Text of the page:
Newsletter Issue # 82 – June 26, 2013

Catherine Afarian calls herself a “love child of the ‘70s.” Her mother discovered that she was pregnant after she had broken off a relationship of less than a year. Afarian has never met her biological father, but her mother always said he came from a big Italian family. In late 2010, though, Afarian learned that a big part of her identity had been based on very shaky ground. a personal genome company based in Mountain View, California, Afarian had submitted a spit sample for a DNA analysis. Based on the variations in her genes, 23andMe estimated her health risks and traced her ancestry.

While the word refugee may conjure up images such as hundreds of thousands of people fleeing from the Syrian Civil War, a poll conducted as part of Refugee Week 2013 aims to show some of the positive results of forced migration, and it is Jewish neurologist Sigmund Freud who tops the survey as the refugee who has made the most significant contribution to British life.

A new Israel-based 24-hour TV news channel broadcasting in English, French and Arabic is to go on air on July 1. The new station, based in Tel Aviv’s seafront Jaffa district, is named i24news. The channel will be launched in three languages, including the website. Looking at global broadcasters Al-Jazeera and France 24, it will broadcast around the clock in English and French and five hours each day in Arabic.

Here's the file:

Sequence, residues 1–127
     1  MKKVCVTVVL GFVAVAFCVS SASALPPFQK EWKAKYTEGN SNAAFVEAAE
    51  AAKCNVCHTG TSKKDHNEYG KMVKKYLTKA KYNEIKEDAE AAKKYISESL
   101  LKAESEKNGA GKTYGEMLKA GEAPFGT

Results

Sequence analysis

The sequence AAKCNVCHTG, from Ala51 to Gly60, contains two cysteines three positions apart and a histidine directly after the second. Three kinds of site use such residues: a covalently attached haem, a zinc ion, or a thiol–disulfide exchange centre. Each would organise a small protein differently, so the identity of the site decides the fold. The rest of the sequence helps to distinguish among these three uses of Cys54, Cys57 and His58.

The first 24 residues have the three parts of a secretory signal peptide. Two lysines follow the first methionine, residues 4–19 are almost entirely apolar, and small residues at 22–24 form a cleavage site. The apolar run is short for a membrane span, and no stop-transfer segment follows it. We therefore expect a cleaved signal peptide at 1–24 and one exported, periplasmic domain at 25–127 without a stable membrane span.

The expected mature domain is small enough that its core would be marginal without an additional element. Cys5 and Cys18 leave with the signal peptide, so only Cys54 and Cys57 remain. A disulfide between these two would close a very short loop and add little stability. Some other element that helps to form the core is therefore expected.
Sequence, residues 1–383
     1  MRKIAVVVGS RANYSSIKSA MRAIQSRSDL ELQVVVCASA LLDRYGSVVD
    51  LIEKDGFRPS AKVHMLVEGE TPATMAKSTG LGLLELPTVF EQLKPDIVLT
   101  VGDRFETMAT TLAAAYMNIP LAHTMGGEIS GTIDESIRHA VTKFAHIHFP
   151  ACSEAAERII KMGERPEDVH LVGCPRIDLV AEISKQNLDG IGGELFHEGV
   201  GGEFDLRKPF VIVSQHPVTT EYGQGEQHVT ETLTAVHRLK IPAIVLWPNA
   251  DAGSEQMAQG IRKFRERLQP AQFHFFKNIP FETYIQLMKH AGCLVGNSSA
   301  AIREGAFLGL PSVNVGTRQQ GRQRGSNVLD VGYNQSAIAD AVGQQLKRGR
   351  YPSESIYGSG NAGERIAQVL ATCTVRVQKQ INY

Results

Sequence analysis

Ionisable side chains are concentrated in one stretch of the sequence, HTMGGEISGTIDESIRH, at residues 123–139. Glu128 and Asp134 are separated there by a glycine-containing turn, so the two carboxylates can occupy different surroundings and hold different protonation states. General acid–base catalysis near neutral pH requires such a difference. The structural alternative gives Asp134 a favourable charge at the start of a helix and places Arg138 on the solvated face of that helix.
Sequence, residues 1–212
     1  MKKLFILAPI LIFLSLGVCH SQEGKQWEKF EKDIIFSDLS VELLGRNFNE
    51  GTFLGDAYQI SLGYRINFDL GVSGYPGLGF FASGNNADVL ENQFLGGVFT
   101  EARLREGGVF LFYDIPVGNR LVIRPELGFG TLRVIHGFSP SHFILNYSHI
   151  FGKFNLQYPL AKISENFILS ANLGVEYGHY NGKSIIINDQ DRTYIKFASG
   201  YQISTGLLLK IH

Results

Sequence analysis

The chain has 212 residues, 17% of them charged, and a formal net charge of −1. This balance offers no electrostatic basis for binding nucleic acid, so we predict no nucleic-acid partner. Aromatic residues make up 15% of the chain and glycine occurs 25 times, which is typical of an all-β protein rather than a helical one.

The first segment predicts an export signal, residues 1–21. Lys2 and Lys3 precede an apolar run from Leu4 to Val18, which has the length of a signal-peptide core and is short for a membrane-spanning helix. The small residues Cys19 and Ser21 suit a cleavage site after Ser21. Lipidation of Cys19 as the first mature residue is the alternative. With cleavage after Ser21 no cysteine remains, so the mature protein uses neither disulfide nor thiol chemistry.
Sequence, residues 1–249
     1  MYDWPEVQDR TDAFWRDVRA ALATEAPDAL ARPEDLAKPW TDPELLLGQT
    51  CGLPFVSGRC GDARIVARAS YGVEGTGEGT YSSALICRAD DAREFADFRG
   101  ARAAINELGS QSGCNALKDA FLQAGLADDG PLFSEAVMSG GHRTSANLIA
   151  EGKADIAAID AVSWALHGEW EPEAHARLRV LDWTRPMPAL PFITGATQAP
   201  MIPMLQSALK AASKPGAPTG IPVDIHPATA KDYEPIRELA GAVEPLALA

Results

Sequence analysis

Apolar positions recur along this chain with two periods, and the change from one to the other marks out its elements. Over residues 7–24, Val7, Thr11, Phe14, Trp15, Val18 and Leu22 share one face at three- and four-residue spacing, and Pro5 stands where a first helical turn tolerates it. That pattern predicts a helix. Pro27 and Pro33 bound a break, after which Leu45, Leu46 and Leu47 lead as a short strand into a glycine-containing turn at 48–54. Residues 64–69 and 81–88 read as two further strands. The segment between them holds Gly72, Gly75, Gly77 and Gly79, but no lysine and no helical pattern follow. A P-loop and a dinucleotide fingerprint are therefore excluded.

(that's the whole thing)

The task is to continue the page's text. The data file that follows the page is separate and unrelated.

Jewish community heads from around the world on Monday participated in a special ceremony in memory of the Jews who were murdered and buried in Babi Yar in Ukraine. The event took place under the sponsorship of top members of the Jewish Agency, which is chaired by Natan Sharansky. Sharansky laid a wreath on the memorial at Babi Yar, in memory of the Jews murdered there in 1941 by the Nazis.

During a morning commute o Boston the car started making a weird whoomping sound. To my untrained ear it sounded like the car was performing some sort of subtle dance with road, where the slight shimmying of my car was a sure sign that the engine had decided to part ways with the rest of the vehicle.  Luckily my partner actually knows a thing or two about cars, and had a few slightly more plausible explanations.

Thirty years ago, in 1983 we start sending our women Jewish Studies major graduates at the University of Minnesota to train to become rabbis in the Reform movement. We told them to go out and become full head rabbis of synagogues, not assistants or educational directors. Some did. We were proud. This week we read of the non-ordination of three females by an Orthodox institute. We sadly shake our heads and dejectedly shrug our shoulders. This is a milestone of non-progress.

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